Dating app, sexting guidance for dentists, doctors released

In addition to refraining from using dating apps at work, dentists and doctors should not send sexual messages, images, and videos, but if they do, they shouldn’t show their faces, according to new guidance released from Health Education England (HEE).

HEE, a public group that provides leadership and coordination for the education of the health workforce in England, released “Dating App Guidance for Doctors and Dentists in Training HEENE Guidance 2023” to navigate the challenges that clinicians in training may face when using dating apps.

“The aim of this document is to provide guidance on an aspect of DDiT’s [doctors and dentists in training] personal lives that can have significant professional ramifications,” wrote the contributors, led by Alan Hilley, leadership and management fellow of Health Education England North East (HEENE).

After doctors in training performed a literature review and examined existing British Medical Association, General Medical Council, and General Dental Council guidance, draft recommendations were created and presented. Based on feedback, amendments were made, and the guidance was released.

In a nutshell, the guidance states that when dentists and doctors are identifying themselves on a dating app, they are expected to maintain the same standards they are expected to abide by in face-to-face interactions. Clinicians can avoid damaging their reputations and careers with patients and colleagues by sharing thoughtful details on dating profiles.

Additionally, almost all dating apps work with the geolocation of the smartphone user, so there is an increased risk of nearby colleagues and patients accessing personal profiles and having inappropriate communications. Clinicians should not use dating apps at work to reduce the risk of unintentional connections, according to the guidance.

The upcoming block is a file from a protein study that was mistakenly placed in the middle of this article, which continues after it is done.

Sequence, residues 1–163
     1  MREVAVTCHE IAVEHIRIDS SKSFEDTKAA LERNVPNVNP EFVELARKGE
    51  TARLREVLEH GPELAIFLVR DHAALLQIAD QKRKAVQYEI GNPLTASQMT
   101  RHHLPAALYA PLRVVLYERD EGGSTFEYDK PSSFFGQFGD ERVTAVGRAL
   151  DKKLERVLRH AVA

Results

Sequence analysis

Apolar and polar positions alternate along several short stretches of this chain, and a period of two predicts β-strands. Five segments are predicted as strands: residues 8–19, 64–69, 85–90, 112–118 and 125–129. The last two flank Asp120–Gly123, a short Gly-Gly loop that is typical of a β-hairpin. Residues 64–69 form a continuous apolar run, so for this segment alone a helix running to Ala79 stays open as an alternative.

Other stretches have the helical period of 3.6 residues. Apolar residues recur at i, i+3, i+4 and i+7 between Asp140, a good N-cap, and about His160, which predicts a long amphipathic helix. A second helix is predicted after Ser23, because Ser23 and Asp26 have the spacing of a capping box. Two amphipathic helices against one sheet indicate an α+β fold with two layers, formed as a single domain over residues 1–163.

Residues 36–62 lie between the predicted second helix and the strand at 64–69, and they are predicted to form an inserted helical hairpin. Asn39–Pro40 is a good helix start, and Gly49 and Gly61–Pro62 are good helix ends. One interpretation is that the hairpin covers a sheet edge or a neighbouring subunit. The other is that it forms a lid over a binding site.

Dentists and doctors also should be aware of the legal consequences of sexting and cyberflashing, or sharing sexually explicit images and videos. Clinicians should avoid engaging in these behaviors, as well sending unsolicited explicit images and videos, which is a criminal offense in England and Texas. California and Virginia have civil laws that aim to deter unsolicited cyberflashing.

The guidance includes the following tips for staying safe:

  • Think carefully about personal details shared on dating app profiles and online.

  • Don’t post anything on a dating profile that you wouldn’t want posted on social media.

  • Don’t abuse your status as a doctor or dentist.

  • Avoid sexting if possible. If you do sext, only do so with people you know and trust.

  • Avoid showing your face in explicit images and videos.

  • Before sexting, establish rules with the other person about sending and deleting content.

  • Avoid using dating apps at work.

  • Don’t mix social and professional relationships with patients.

  • Delete content from trash bins and online clouds.

  • Don’t breach patient confidentiality.

 “A good rule of thumb is that if you wouldn’t be happy for your personal content, including images, to be in the public domain, be this via online social media platforms or other means, do not post it on your dating profile,” the contributors wrote.

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